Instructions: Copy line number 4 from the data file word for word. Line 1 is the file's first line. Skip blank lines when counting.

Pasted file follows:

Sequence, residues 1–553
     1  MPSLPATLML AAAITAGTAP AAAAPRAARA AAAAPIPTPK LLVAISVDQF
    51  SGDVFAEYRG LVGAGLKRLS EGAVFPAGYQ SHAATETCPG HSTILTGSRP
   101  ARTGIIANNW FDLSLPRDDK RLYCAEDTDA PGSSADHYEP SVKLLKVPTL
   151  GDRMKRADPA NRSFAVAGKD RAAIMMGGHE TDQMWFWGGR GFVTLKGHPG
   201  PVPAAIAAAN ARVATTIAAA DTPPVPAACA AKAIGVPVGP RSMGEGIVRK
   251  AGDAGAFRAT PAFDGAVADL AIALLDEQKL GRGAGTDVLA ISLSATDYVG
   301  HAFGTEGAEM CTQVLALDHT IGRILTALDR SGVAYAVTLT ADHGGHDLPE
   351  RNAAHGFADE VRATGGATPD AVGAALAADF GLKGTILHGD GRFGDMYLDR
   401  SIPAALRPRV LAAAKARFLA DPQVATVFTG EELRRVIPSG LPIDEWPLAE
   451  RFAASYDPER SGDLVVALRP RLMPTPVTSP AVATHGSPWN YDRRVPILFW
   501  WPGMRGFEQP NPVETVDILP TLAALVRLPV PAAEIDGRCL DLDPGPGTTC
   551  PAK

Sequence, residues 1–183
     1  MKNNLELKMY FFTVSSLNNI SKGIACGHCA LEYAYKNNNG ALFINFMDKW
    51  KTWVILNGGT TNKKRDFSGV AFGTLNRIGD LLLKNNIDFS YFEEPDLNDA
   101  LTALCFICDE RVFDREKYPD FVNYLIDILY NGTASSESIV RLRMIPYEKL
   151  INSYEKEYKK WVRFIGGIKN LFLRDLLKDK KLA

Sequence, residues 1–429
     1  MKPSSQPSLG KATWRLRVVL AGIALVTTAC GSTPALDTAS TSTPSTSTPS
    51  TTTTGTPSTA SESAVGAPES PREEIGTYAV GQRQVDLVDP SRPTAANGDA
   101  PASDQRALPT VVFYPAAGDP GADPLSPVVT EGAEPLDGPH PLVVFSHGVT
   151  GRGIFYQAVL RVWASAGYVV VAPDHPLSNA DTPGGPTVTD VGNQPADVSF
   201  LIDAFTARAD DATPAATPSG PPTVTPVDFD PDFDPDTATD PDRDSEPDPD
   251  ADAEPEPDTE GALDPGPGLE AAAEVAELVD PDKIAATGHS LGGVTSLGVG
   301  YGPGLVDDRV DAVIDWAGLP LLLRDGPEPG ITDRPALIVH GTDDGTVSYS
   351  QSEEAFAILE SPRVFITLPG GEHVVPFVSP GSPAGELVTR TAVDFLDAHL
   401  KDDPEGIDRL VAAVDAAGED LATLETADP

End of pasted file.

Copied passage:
   101  ARTGIIANNW FDLSLPRDDK RLYCAEDTDA PGSSADHYEP SVKLLKVPTL